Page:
BleachGap ransomware was first reported in Feb 2021 by a researcher named Petrovic on Twitter. This ransomware variant that we have analysed was reported on Twitter in June 2022. This variant got us curious to get into the nuances of it because it was tagged as a stealer and all the code was compiled in a single executable thereby not needing any supporting .bat or PowerShell scripts to execute, most probably done for evasion and to be less noisy in comparison to the variant found in 2021, which needed the supporting .bat and .exe that it dropped for execution.Though there are not many cases reported in the wild, this blog has been written to let the cyber community know that threat actors are modifying the attack techniques of this malware for a possible major attack that might be planned in the future. Lets now get into the details.
Why a Stealer?
When this ransomware executes, the first step is to get the username and generate a Unique ID (UID) and Password for that particular victim. By the first look, it seems it is stealing the password from the user but after multiple executions we identified that the password is different every time and after reversing the sample we found that the ransomware is using a function (shown in Figure 1) to randomly generate the UID and the same function is being called again to generate the password which is always 32 byte long.
After generating the UID and Password, it gets the Username of the current user using the environment variable. It first moves the encoded bytes to memory which are already hardcoded in the executable and then decodes those to the ‘username’ and then uses it as an argument to get environment variable data related to the username as shown in Figure 2.
Instead of hardcoding the useful strings into executables directly, so as to evade detection, this ransomware has used a similar method of moving encoded strings into memory and then decoding them at runtime for different purposes.We will see similar method being used later in this ransomware. After getting the Username, it forms a huge string using the same method of decoding the encoded bytes which includes UID, Password, Username as shown in Figure 3.
After further analysis we learn that this ransomware sends the large decoded string shown in Figure 3 as a Post request to the Discord Webhook API which has been highlighted in Figure 4 and 5.
Disabling Tools to Work
After sending information to the Discord API, the ransomware tries to disable tools like command prompt (CMD), Task Manager and Registry Editor so that the user is not able to make changes and stop the ransomware execution. Disabling the mentioned tools happens with the help of the registry. Ransomware first copies the encoded registry key into memory and then decodes the key using XOR loop and then does the same for key value and then calls the function RegCreateKey using the decoded key and value as arguments. Figure 6 shows the encoded registry key.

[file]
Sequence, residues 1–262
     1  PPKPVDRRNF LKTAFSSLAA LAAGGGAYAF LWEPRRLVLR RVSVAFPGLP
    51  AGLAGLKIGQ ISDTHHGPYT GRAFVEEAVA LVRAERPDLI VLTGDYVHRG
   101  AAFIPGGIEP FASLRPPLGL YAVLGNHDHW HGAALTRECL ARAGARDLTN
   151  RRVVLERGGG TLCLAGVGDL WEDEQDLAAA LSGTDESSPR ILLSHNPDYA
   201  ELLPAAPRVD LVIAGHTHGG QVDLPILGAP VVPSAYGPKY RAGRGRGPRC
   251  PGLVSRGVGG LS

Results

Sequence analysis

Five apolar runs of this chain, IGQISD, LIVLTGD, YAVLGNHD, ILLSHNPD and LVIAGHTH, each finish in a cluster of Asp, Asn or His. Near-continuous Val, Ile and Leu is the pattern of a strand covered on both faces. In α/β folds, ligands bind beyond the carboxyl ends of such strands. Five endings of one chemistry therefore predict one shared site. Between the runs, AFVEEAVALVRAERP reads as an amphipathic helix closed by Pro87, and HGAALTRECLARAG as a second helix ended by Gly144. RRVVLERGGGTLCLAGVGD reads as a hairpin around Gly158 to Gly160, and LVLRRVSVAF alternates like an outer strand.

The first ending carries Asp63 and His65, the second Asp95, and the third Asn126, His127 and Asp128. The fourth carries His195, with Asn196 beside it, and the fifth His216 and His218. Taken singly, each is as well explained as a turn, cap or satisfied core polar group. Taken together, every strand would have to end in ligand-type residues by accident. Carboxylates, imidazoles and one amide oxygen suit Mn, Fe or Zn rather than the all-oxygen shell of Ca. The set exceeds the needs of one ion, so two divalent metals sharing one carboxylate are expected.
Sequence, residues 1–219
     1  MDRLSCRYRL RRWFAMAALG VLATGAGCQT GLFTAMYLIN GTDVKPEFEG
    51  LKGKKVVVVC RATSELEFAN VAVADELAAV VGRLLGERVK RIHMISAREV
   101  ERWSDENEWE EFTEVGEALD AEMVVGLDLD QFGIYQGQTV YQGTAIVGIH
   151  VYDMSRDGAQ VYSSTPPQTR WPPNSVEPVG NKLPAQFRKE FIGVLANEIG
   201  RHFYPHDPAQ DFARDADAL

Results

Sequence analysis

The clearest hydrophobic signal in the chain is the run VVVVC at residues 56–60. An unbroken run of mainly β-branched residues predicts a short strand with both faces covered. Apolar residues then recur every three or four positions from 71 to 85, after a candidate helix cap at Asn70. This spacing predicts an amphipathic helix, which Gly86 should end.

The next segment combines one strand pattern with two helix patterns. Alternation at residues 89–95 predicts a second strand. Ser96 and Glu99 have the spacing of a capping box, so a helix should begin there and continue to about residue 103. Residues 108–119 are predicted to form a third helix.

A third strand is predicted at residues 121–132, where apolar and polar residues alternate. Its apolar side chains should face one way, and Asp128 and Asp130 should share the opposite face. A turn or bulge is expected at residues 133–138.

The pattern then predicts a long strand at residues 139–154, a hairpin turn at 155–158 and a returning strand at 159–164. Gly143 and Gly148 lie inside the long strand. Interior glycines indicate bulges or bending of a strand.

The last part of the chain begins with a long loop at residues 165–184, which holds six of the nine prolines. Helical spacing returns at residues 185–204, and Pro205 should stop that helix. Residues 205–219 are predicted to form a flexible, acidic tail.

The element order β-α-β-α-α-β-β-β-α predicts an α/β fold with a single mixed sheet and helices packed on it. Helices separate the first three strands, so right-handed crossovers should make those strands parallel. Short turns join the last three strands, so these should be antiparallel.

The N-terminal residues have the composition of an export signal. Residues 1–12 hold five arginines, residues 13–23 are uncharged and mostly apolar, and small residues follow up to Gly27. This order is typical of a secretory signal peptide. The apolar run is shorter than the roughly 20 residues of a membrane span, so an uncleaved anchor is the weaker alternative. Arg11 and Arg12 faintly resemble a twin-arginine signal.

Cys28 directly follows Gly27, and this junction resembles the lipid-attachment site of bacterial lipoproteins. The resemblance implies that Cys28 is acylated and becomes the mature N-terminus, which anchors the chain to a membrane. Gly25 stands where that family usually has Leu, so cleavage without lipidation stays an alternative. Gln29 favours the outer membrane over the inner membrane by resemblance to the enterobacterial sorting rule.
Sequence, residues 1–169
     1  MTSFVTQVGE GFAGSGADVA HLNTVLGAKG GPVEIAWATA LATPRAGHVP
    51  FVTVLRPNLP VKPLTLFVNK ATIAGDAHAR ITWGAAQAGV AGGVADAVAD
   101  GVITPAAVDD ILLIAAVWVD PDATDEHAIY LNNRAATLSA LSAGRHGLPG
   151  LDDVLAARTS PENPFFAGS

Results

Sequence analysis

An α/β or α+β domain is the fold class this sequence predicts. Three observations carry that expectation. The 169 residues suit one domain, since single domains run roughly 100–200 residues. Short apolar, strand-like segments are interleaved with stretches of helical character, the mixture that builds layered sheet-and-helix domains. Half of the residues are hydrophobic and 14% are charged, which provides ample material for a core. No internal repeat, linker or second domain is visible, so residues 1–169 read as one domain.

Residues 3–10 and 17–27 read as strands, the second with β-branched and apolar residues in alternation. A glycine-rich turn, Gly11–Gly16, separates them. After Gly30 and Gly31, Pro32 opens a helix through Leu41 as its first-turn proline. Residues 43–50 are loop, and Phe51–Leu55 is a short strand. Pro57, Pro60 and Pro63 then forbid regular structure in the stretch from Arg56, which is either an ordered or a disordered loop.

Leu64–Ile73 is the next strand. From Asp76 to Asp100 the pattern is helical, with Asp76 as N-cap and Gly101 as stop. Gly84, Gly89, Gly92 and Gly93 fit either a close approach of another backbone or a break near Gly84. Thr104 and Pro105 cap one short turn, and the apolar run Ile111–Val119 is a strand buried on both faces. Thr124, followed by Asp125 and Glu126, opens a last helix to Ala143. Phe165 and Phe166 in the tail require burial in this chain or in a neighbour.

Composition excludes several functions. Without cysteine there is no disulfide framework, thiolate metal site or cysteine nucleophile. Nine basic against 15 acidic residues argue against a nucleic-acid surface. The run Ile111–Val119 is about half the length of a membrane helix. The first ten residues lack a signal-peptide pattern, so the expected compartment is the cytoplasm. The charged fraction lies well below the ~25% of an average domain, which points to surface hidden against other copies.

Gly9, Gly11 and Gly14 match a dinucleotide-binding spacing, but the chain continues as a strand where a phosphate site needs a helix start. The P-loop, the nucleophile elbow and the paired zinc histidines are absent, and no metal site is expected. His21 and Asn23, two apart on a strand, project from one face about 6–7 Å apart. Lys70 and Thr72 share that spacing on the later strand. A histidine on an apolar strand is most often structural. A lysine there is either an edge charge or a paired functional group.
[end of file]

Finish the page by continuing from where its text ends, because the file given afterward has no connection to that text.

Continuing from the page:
After disabling the tools, the ransomware decodes the different folder names which includes Desktop, Documents, Downloads, Pictures, Music ,Public and adds it to the string C:\Users\%username% so that it can enumerate these folders first and encrypt the files stored inside.
After getting all the folder names, the ransomware starts to enumerate them using FindFirstFileExW and FindNextFileW and then uses ReadFile to read the existing file into a buffer for encryption.
When analysing the sample after ReadFile we observed that the sample doesn’t use any common encryption related Windows APIs like CryptAcquireContextA, CryptReleaseContext, CryptGenKey, CryptExportKey, etc. On further digging, we found that the whole encryption routine is implemented inside the ransomware. We identified this when a hardware breakpoint on the randomly generated password (described at the start of the blog) was hit after the ReadFile API. There were some calculations happening with the password and some bytes were also present in the .rdata section.
After checking those prestored bytes we identified that it is an S-Block used in the AES Algorithm during the Key Expansion phase. So ransomware is using the AES algorithm to encrypt the files using the password (key) that was randomly generated and sent to discord webhook. On further analysis, we got the functions which were responsible for encrypting the file bytes and writing it to the memory 16 bytes at a time as in Figure 14 and Figure 15.
Ransomware creates a new file with the same name and writes the encrypted bytes into that file and then renames the file with the extension PAY2DECRYPT+UID. After encrypting the files, it puts 100 ransom notes on the Desktop. This ransomware encrypts executables as well. It changes its own name to encrypted file extension but the file remains as-is and not encrypted.
We at K7 Labs provide detection for BleachGap ransomware and all the latest threats. Users are advised to use a reliable security product such as “K7 Total Security” and keep it up-to-date to safeguard their devices.
Indicators of Compromise (IOCs)
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